Under the joint hosting arrangements, Australia will host the SKA’s low frequency aperture array antennas.
In 2012 the SKA Organisation made the announcement that the telescope would be co-hosted between South Africa and Australia, with Australia hosting a critical component of the final SKA, but also the cutting edge research which would lead up to it.
Low frequency aperture arrays
Australia will initially host more than 130,000 SKA antennas (each about 2 metres in height) covering low frequency radio waves, with an ultimate goal of expanding this up to a million antennas.
This array will conduct research into one of the most interesting periods of the Universe, looking back to the first billion years of the Universe to look at the formation of the first stars and galaxies, providing valuable insight into dark matter and dark energy and the evolution of the Universe.
It will provide an increased capability over existing infrastructure at the same frequencies, providing 25% better resolution and being 8 times more sensitive than LOFAR, the current best such instrument. Moreover, it will be able to scan the sky 135 times faster.
The sheer amount of raw data produced by all these antennas will be equivalent to five times the internet traffic.
SKA precursor telescopes
The Australian Square Kilometre Array Pathfinder, or ASKAP, is CSIRO’s (Commonwealth Scientific and Industrial Research Organisation) radio telescope currently being commissioned at the Murchison Radio-astronomy Observatory (MRO) in Western Australia.
Another important precursor for the SKA located in that region is the MWA (Murchison Widefield Array) which is providing important input in to the design and science goals which the low frequency aperture arrays will be undertaking.
The Australian SKA Pathfinder (ASKAP)
Australia’s existing 36-dish ASKAP telescope is conducting groundbreaking research into new promising technologies for the SKA. The telescope has been designed and built by Australia’s CSIRO in collaboration with leading overseas astronomers and engineers.
Equipped with phased array feed (PAF) technology, it will be able to survey large areas of the sky in great detail.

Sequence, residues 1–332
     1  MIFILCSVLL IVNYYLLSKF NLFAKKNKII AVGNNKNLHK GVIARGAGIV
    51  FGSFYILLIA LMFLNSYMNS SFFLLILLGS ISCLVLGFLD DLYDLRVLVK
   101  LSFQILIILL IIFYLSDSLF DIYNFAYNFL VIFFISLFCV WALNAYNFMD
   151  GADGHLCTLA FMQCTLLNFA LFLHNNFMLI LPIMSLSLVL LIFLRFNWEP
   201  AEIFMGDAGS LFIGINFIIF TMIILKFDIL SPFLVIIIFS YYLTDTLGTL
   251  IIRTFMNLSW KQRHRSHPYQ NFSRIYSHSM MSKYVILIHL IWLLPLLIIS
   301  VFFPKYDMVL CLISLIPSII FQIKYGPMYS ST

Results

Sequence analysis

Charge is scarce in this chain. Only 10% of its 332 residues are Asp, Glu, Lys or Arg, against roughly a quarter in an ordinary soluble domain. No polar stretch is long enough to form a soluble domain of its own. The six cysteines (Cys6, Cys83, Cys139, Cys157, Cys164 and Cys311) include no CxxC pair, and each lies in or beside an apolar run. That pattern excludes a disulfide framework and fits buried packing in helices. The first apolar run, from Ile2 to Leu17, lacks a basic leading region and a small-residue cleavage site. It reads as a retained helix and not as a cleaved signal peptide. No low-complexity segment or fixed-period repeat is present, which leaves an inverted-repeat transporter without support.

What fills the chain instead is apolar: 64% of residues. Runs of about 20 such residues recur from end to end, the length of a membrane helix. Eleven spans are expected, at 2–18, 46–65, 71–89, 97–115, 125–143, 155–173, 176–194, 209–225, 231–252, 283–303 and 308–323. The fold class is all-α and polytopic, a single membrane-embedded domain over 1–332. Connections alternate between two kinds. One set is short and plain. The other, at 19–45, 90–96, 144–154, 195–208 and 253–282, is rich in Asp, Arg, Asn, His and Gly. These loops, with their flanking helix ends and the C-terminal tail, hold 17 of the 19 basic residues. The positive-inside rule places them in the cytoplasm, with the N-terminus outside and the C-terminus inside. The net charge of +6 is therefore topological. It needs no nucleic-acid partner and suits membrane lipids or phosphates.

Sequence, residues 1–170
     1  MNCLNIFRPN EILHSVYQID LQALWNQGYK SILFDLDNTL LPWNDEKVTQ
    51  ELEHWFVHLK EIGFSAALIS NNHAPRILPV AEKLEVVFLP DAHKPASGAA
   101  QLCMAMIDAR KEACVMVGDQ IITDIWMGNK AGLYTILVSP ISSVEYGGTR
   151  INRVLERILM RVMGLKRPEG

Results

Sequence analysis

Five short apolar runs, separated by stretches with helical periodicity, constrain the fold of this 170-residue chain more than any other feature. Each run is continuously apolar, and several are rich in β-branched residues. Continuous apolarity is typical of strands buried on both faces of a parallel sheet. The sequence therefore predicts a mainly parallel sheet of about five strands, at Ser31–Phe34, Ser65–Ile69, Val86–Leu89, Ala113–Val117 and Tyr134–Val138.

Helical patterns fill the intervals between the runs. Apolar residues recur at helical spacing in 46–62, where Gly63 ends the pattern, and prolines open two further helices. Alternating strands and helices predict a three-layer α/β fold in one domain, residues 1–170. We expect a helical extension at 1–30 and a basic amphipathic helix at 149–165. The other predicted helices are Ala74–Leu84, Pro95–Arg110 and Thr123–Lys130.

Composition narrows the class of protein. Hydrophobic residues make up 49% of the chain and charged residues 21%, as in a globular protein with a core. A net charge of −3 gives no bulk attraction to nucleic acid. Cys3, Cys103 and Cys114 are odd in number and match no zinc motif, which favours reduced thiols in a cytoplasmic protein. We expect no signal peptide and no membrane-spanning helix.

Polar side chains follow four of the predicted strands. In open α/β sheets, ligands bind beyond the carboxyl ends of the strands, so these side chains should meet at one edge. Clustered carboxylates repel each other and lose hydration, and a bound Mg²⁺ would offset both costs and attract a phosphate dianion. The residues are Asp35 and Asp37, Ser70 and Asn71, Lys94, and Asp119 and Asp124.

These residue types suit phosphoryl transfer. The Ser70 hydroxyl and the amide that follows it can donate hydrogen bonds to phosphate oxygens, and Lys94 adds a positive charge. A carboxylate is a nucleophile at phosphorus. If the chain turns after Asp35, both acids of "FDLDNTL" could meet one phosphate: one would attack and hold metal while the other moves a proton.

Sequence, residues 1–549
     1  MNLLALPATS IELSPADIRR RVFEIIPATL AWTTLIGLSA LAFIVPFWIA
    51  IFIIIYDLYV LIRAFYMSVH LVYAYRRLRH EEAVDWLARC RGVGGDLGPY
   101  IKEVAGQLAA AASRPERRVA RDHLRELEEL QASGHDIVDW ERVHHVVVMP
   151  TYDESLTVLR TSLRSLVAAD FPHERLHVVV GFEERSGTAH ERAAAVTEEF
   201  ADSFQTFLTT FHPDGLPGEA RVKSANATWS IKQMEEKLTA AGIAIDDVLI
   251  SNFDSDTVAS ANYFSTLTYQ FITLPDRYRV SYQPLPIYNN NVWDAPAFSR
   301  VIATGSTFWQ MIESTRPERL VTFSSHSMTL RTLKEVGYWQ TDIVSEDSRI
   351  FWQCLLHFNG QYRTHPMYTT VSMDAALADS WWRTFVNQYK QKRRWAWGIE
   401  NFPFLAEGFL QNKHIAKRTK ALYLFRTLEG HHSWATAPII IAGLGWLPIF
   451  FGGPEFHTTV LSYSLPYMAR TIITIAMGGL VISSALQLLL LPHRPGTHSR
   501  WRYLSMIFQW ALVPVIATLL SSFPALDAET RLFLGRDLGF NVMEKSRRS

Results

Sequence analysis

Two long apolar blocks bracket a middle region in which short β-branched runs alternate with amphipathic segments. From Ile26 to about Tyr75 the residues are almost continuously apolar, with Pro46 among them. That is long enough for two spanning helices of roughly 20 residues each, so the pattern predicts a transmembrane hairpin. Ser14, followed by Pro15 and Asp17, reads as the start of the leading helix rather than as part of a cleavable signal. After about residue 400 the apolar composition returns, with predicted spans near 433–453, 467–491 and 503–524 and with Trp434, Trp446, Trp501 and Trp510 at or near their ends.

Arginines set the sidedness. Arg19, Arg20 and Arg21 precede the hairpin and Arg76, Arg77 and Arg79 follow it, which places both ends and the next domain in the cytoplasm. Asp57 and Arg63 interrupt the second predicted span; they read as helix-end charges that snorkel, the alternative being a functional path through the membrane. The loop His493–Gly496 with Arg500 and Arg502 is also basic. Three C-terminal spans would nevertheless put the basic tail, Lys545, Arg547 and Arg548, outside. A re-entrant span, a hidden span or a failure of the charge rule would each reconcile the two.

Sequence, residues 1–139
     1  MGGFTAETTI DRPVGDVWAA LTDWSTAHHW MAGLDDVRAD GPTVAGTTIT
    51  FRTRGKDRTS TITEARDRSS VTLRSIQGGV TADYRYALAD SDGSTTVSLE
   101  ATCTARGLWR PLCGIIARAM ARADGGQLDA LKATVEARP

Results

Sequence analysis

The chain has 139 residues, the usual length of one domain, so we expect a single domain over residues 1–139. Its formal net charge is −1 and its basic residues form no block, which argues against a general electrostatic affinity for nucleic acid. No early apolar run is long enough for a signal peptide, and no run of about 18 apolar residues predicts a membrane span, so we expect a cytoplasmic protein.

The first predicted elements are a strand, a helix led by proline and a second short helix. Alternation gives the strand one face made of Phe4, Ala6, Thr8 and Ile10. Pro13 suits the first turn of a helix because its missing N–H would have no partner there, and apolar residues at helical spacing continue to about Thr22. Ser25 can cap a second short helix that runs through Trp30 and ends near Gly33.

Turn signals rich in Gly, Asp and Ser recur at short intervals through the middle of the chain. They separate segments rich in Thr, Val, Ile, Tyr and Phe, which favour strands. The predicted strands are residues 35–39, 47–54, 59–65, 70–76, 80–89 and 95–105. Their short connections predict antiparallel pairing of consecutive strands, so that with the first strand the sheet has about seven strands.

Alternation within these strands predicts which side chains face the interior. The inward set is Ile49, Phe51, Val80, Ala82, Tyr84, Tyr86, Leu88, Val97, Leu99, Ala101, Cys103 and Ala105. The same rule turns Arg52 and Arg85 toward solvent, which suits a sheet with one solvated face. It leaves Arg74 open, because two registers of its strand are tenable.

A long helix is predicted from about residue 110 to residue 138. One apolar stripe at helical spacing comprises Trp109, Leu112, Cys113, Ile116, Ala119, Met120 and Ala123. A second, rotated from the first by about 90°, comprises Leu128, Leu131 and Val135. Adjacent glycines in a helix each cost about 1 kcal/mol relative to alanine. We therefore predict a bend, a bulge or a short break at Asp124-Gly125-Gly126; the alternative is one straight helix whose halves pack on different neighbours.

The phased array feed (PAF) for ASKAP provides the antenna with a wide field-of-view (FoV) by creating 30 separate (simultaneous) beams to give a FoV of 30 square degrees (The width of your little finger at arms length is around 1 degree), speeding up survey time quite considerably.
In addition to being a world-leading telescope in its own right, ASKAP is an important technology demonstrator for the SKA. ASKAP’s home, the Murchison Radio-astronomy Observatory site will be the central site for major components of SKA telescope infrastructure in Australia.
The Australian Government has committed funding of AUD $111 million to the Australian SKA Pathfinder.
To help meet the scientific, technical and budgetary goals of the international SKA, the ASKAP telescope will develop and trial highly innovative new technologies on timescales consistent with the overall international SKA plan. ASKAP comprises 36 twelve metre dish antennas, each of which will be equipped with a multi-element receiver, or phased array feed, to enable unprecedented surveys of the sky.
The ASKAP project is currently in an intense phase of technology development. All areas are at the cutting-edge of technology and scientists and engineers from the CSIRO are achieving significant breakthroughs in the design and construction of revolutionary new radio feed technologies which will be vital to the SKA.
The Murchison Widefield Array (MWA)
The Murchison Widefield Array (MWA) seen in the image above, is a low-frequency radio telescope operating between 80 and 300 MHz. Already delivering first class science, it is located at the Murchison Radio-astronomy Observatory (MRO) in Western Australia and is one of three telescopes designated as a Precursor for the SKA. The MWA has been developed by an international collaboration, including partners from Australia, India, New Zealand, and the United States. It became fully operational in 2013. Whilst a precursor to the SKA it won’t be integrated in to the final SKA telescope, and will continue to work as an independent resource in its own right.
The MWA will perform large surveys of the entire Southern Hemisphere sky and acquire deep observations on targeted regions. It will enable astronomers to pursue four key science objectives. The primary endeavour is the hunt for intergalactic hydrogen gas that surrounded early galaxies during the cosmological epoch of reionization. The MWA will also provide new insights into our Milky Way galaxy and its magnetic field, pulsing and exploding stellar objects, and the science of space weather that connects our Sun to the environment here on Earth.
The Murchison region where the ASKAP and SKA telescopes will eventually be located, are traditional lands of the Wajarri Yamatji People, who signed an indigenous land use agreement, which protects the Aboriginal people’s cultural heritage. The agreement also brought significant benefits in terms of education and infrastructure to the local peoples in what is one of the most sparsely populated regions on Earth.